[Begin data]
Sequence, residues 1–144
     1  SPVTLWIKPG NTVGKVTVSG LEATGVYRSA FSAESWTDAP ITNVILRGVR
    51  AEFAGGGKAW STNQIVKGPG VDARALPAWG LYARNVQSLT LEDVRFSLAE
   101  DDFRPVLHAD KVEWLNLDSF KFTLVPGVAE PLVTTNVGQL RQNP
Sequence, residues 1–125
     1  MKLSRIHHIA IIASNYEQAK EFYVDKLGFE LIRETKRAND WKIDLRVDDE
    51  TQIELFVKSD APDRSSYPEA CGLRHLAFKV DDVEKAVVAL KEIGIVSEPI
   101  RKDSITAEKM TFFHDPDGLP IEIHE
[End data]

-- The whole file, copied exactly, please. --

Sequence, residues 1–144
     1  SPVTLWIKPG NTVGKVTVSG LEATGVYRSA FSAESWTDAP ITNVILRGVR
    51  AEFAGGGKAW STNQIVKGPG VDARALPAWG LYARNVQSLT LEDVRFSLAE
   101  DDFRPVLHAD KVEWLNLDSF KFTLVPGVAE PLVTTNVGQL RQNP
Sequence, residues 1–125
     1  MKLSRIHHIA IIASNYEQAK EFYVDKLGFE LIRETKRAND WKIDLRVDDE
    51  TQIELFVKSD APDRSSYPEA CGLRHLAFKV DDVEKAVVAL KEIGIVSEPI
   101  RKDSITAEKM TFFHDPDGLP IEIHE